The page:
“Countershadows (tactics in evasion)” – group exhibition with Heman Chong, Tamares Goh, Ho Rui An, Sai Hua Kuan, Jeremy Sharma, Tan Peiling and Robert Zhao Renhui.
Institute of Contemporary Arts Singapore (1, McNally Street, Singapore) Sep 20–Oct 26, 2014
How do you discuss something which is concealed, if doing so is to draw attention to—and thus negate—that concealment? Would an inquiry into evasion be itself evasive? These questions seem to flow through the Institute of Contemporary Arts Singapore’s latest show, “Countershadows (tactics in evasion)”, charting a path from the birth of modern camouflage to some slippery usages in contemporary art.
This conceptual slipperiness finds literal expression in Heman Chong’s “Monument to the people we’ve conveniently forgotten (I hate you)” (2008– ), which consists of a million plain black business cards scattered across the gallery’s expanse in slippery, slightly reflective drifts. If you have ever moaned about having a million cards you’ve yet to look at, the work ought to dispel some of that hyperbole. It might be a nod to the endless rounds of tedious networking that takes place in the art world, but it proffers more than just a cynical observation; while literally comprising discards to be trodden upon, it also envelops the space, somehow remaking the gallery’s interior as some strange and blasted landscape—shades of allegorical deserts—with random drifts of cards drawing attention to your own (now squeaky, slippery) footfalls.
Dominating this terrain like the monoliths in 2001: A Space Odyssey is Sai Hua Kuan’s “Something Nothing” (2007)—a white cuboid resting atop the blackened landscape, with a well-lit squircularaperture as its most prominent feature. Entering the structure (which requires the ritual purification of doffing one’s shoes and donning translucent plastic foot-covers) offers a rare perceptual treat—the lights by the entrance, combined with the interior’s geometry, cancel out all the shadows within, in what might be a literal application of the show’s title.
Left without visual and spatial cues (as one might find in a whiteout) there’s a sense of being cast adrift in a limitless void: a curious blend of claustrophobia and agoraphobia, seasoned with a nagging discomfort at how easily our senses can be short-circuited. It is somehow reminiscent of The Hitchhiker’s Guide to the Galaxy‘s “Total Perspective Vortex”, except instead of a scale reference of yourself relative to the universe, you’re confronted by a yawning expanse of coolly indifferent attempts at meaning and signification. Belying the work’s sci-fi appearance, it is composed of workaday, fallible (the structure’s surface is a little prone to creaking and cracking) materials like house paint and plywood. Along with the exposed lighting setup, the work remains within some comprehensible domain, as if it were a magician’s trick that reveals its workings while not sacrificing its illusion.
Process and material are also foregrounded in a series of evocatively titled (“Unicorn” (2014), “Liner” (2014), and “Red Herring” (2014)) sculptural works by Jeremy Sharma that rest on the gallery’s floor. Like “Something Nothing”, these sculptures seem quite at home rising out of Heman Chong’s landscape of black cards—but as gravid totems rather than a serenely impassive monolith. The works’ serial forms seem factory-fresh from some unknown production line, molds for undisclosed automotive and other industrial parts.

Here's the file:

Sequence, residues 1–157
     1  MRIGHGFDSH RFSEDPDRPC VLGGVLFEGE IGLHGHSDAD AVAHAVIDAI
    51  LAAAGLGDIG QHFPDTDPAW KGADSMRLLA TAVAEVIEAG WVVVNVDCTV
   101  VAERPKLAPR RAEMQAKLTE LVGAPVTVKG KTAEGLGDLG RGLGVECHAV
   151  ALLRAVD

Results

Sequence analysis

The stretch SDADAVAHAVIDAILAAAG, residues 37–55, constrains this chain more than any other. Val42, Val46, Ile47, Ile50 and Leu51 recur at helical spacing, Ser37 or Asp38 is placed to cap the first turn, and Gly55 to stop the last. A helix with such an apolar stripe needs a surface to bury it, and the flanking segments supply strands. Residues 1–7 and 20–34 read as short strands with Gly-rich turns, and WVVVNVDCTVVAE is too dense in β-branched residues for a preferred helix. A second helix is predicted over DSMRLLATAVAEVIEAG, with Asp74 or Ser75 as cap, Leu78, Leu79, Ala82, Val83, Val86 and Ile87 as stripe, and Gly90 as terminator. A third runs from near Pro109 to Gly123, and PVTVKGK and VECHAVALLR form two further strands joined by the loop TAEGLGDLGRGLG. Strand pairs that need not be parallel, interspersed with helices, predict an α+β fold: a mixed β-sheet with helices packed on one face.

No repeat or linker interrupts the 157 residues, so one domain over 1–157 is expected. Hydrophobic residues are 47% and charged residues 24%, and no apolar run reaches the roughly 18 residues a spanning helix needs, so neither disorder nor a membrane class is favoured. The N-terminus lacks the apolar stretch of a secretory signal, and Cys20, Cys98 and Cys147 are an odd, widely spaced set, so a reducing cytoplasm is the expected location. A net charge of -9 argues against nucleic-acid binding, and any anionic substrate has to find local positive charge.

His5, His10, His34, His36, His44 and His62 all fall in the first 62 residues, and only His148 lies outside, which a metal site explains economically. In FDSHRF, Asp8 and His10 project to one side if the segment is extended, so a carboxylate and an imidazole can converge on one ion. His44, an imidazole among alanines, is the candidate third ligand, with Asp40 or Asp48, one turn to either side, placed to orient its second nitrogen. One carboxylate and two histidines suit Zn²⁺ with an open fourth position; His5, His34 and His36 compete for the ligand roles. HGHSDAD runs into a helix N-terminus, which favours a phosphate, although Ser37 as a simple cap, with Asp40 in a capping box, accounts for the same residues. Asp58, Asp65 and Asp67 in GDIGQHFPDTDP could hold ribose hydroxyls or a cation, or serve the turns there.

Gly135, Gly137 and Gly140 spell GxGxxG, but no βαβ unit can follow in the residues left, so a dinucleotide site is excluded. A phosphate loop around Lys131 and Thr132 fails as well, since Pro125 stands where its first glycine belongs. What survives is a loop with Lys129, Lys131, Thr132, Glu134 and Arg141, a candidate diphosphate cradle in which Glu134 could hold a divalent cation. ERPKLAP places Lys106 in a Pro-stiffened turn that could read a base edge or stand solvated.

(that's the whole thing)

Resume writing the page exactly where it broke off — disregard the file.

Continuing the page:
Both familiar and alien, these ghosts of our manufactured world, recalling J.G. Ballard, could offer some mute testament to accidental poetry and other hidden depths—the stylized forms in “Unicorn”, for one, manage to simultaneously suggest pharaonic tombs and commonplace automobiles. In receding behind these automated, computer-aided processes, Sharma appears to eschew traditional modes of craft, at once placing long-standing artistic processes within the same frame as computer-mediated production, paradoxically drawing attention to artistic conventions by receding away from them.
Further varieties of ambiguity and equivocation find expression throughout the show. For instance, Robert Zhao Renhui’s evolutionary bio-fiction “White House Crow” (2013) translates the story of the Peppered Moth’s adaptation to developments in British industry to Singapore’s own brand of reclamation-mad development, just as the work’s principal image, an adhesive vinyl print applied directly to the gallery wall, is slated to be destroyed along with the take-down of the show.
For the show as a whole, though, ambiguity and equivocation seem to have been translated into a stark monochromaticism—of white and black and all the shades of grey in between, the greys in particular being meditatively discussed in Ho Rui An’s “A Difficulty (Grey)” (2014). Despite the odd splash of warm gallery spotlights, the emphasis placed on immediate, immaculate visual impact hints at the possibility of some misdirection, a flawless veneer that leaves one wondering about what might have been papered over – if perfect visual coherence was achieved at the cost of some unseen instability. Even as color’s decorative character can be made to conceal something more essential, what if the show’s equivocal tendencies apply here also? That the monochrome, rather than an absence of distracting decoration, could itself be a subtler form of camouflage, its coolness but a masquerade of essence?